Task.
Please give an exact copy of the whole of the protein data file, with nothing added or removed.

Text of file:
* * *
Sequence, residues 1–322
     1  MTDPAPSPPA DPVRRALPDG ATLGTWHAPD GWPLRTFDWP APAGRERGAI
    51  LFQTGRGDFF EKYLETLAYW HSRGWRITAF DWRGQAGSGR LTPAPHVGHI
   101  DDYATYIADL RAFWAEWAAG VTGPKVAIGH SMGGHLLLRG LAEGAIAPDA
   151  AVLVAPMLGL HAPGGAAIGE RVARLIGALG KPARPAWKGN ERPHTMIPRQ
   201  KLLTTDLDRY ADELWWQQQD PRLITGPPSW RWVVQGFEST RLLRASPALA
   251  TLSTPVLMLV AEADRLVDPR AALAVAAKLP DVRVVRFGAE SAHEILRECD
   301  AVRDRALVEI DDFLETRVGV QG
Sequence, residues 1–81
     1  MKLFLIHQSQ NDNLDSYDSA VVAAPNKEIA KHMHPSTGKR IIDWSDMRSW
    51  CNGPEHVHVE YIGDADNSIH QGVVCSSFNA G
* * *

Sequence, residues 1–322
     1  MTDPAPSPPA DPVRRALPDG ATLGTWHAPD GWPLRTFDWP APAGRERGAI
    51  LFQTGRGDFF EKYLETLAYW HSRGWRITAF DWRGQAGSGR LTPAPHVGHI
   101  DDYATYIADL RAFWAEWAAG VTGPKVAIGH SMGGHLLLRG LAEGAIAPDA
   151  AVLVAPMLGL HAPGGAAIGE RVARLIGALG KPARPAWKGN ERPHTMIPRQ
   201  KLLTTDLDRY ADELWWQQQD PRLITGPPSW RWVVQGFEST RLLRASPALA
   251  TLSTPVLMLV AEADRLVDPR AALAVAAKLP DVRVVRFGAE SAHEILRECD
   301  AVRDRALVEI DDFLETRVGV QG
Sequence, residues 1–81
     1  MKLFLIHQSQ NDNLDSYDSA VVAAPNKEIA KHMHPSTGKR IIDWSDMRSW
    51  CNGPEHVHVE YIGDADNSIH QGVVCSSFNA G